FOREX-Euro climbs, but gains seen limited before ECB
* Nervous investors await ECB action after Draghi comments
* Aussie hits record high vs euro
* Focus on this week's ECB and Fed meetings
LONDON, July 31 (Reuters) - The euro rose against the dollar on Tuesday on month-end demand, but stayed below three-week highs on doubts the European Central Bank can meet market expectations of bold steps to combat the debt crisis.
Expectations that the ECB may lower interest rates in coming months saw the euro hit a record low against the higher-yielding Australian dollar. The Aussie was also buoyed by comments from Chinese premier Wen Jiabao that China would fine-tune policy to support economic growth.
The single currency rose 0.25 percent against the dollar to $1.2285, well below the high of $1.2390 hit last Friday. Traders said the euro moved higher due to buying by a sovereign investor in the euro/sterling currency pair, probably to meet month-end requirements.
That led to some to pare bets on euro weakness. Traders cited strong offers to sell the currency above $1.2300 while bids were layered below $1.2250 and stop losses at $1.2220.
Investors are focused on Thursday's ECB policy meeting after bank chief Mario Draghi pledged last week to do whatever was necessary to preserve the euro. That raised expectations of a bold ECB response, a move that could boost the currency.
But investors are increasingly questioning how much the ECB can deliver, given euro zone paymaster Germany is opposed to the central bank buying government bonds in the secondary market and granting a banking licence to the bloc's rescue fund.
"There is a clear danger that expectations might be too high...He's got to put his money where his mouth is, as there is a risk of disappointment around Thursday," said Nick Parsons, head of markets strategy at nabCapital in London.
If the ECB does not signal further measures, the euro could fall back below $1.2130, he said, but a firm response could lift it above last week's peak.
"After that you'd really be looking at $1.2693, the high on the last trading day of June, but we'd really need to see monetary shock and awe to take to us to those sorts of levels," Parsons added.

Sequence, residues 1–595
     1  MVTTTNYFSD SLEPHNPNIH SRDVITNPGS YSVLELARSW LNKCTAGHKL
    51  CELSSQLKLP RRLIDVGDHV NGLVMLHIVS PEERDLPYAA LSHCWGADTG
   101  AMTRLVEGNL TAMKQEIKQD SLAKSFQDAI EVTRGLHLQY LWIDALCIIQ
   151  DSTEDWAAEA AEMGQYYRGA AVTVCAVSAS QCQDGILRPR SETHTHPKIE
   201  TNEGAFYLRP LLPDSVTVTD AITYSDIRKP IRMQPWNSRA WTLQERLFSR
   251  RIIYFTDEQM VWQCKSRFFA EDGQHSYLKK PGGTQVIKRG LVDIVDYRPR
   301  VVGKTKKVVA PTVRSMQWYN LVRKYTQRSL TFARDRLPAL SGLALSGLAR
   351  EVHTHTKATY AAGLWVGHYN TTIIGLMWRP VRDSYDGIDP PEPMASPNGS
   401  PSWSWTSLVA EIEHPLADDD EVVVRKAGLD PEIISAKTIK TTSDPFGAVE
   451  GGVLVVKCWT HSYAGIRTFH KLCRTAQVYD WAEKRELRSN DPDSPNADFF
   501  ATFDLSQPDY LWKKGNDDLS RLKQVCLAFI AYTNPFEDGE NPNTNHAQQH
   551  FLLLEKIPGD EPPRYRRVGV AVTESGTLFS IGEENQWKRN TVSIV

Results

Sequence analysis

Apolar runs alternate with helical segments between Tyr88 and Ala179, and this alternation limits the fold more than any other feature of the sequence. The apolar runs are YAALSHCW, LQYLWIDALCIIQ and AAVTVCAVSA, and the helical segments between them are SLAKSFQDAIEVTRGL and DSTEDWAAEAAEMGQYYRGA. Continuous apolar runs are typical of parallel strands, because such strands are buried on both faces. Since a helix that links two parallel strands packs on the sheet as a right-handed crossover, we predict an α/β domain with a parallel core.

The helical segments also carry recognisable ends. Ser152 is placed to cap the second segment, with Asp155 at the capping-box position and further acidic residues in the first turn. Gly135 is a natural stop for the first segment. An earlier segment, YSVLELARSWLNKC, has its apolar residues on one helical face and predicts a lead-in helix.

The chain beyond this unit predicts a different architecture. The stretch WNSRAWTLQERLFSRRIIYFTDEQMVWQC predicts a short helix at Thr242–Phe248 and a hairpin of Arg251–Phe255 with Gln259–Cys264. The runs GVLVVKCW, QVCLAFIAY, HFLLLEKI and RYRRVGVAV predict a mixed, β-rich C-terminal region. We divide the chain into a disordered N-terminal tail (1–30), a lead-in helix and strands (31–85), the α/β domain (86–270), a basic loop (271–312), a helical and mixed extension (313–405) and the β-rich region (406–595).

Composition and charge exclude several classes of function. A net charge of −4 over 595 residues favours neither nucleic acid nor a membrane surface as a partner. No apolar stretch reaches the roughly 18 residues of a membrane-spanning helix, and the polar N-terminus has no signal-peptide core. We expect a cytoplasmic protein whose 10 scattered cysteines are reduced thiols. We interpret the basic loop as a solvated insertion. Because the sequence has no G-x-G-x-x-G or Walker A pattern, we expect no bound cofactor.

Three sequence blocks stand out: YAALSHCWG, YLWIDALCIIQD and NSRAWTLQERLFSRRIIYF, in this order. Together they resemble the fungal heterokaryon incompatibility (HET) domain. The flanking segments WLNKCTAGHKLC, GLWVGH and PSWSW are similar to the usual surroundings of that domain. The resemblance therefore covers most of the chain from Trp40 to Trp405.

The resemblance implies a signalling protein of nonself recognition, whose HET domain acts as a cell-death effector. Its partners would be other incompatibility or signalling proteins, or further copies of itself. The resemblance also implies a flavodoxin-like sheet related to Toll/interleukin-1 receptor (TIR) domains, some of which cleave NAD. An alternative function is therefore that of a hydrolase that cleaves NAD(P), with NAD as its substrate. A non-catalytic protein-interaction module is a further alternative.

Such "shock" is unlikely with most traders and analysts sceptical that a resumption of ECB bond-buying by itself would be enough to change the euro's weak overall trend. Expectations of further ECB interest rate cuts would keep sentiment towards the currency negative, analysts said.
Earlier this month, the ECB cut its deposit rate, at which banks park excess funds with the bank, to zero, making the euro a funding currency for investors seeking higher yields.
Since the rate cut, analysts said a popular trade has been to sell the euro against the higher-yielding Australian dollar. The euro fell to a record low of A$1.1645 on Tuesday.
Analysts said central banks have also increased holdings of higher-yielding currencies and that could be one reason why the Australian dollar has been in demand. The Aussie hit a four-month high against the U.S. dollar at $1.0539.
"We've already seen some serious diversification, and these are longer-term decisions and they are not going to turn around in the short term," said Jesper Bargmann, Asia head of G11 spot FX at RBS, Singapore, referring to a shift in asset allocation by central bank reserve managers out of the euro.
The Swiss National Bank on Tuesday published data on its foreign exchange reserves, showing a second quarter increase in euros as well as in "other" currencies.
"The (data) suggests the central bank had been an active buyer of currencies including the Australian dollar (and) Swedish crown," UBS FX strategist Geoffrey Yu said in a note.
These growth-linked currencies tend to benefit when optimism about the outlook for the global economy picks up.
While the Federal Reserve is likely to hold off from adopting another bond-buying programme at its two-day policy meeting that starts on Tuesday, some players think it might adopt such monetary stimulus in coming months.
The dollar edged up 0.1 percent to 78.18 yen.